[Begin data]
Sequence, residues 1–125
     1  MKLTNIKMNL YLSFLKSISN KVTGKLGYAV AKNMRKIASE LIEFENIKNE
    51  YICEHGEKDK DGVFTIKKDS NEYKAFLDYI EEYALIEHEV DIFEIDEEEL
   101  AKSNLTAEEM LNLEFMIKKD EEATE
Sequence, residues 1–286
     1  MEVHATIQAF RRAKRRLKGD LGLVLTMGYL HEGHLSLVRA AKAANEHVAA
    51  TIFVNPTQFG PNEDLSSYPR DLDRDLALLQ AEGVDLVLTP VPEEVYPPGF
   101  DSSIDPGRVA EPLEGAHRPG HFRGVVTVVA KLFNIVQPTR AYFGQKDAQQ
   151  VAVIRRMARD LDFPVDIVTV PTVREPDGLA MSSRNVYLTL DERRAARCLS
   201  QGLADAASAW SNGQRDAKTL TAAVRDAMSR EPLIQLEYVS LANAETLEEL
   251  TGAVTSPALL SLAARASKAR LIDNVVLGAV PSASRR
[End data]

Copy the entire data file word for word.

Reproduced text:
Sequence, residues 1–125
     1  MKLTNIKMNL YLSFLKSISN KVTGKLGYAV AKNMRKIASE LIEFENIKNE
    51  YICEHGEKDK DGVFTIKKDS NEYKAFLDYI EEYALIEHEV DIFEIDEEEL
   101  AKSNLTAEEM LNLEFMIKKD EEATE
Sequence, residues 1–286
     1  MEVHATIQAF RRAKRRLKGD LGLVLTMGYL HEGHLSLVRA AKAANEHVAA
    51  TIFVNPTQFG PNEDLSSYPR DLDRDLALLQ AEGVDLVLTP VPEEVYPPGF
   101  DSSIDPGRVA EPLEGAHRPG HFRGVVTVVA KLFNIVQPTR AYFGQKDAQQ
   151  VAVIRRMARD LDFPVDIVTV PTVREPDGLA MSSRNVYLTL DERRAARCLS
   201  QGLADAASAW SNGQRDAKTL TAAVRDAMSR EPLIQLEYVS LANAETLEEL
   251  TGAVTSPALL SLAARASKAR LIDNVVLGAV PSASRR